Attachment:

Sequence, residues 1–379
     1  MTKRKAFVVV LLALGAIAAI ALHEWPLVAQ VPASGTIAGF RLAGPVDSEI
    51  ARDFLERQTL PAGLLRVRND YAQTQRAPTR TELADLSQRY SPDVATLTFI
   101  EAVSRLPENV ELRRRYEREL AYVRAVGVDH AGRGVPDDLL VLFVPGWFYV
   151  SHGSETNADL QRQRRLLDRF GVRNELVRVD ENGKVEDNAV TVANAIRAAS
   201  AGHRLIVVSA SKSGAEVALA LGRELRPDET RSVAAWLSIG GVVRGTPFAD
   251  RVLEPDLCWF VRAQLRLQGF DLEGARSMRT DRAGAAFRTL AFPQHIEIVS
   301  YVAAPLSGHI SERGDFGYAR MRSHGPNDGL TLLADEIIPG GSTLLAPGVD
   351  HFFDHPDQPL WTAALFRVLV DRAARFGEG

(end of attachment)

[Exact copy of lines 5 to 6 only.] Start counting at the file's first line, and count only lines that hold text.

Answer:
   151  SHGSETNADL QRQRRLLDRF GVRNELVRVD ENGKVEDNAV TVANAIRAAS
   201  AGHRLIVVSA SKSGAEVALA LGRELRPDET RSVAAWLSIG GVVRGTPFAD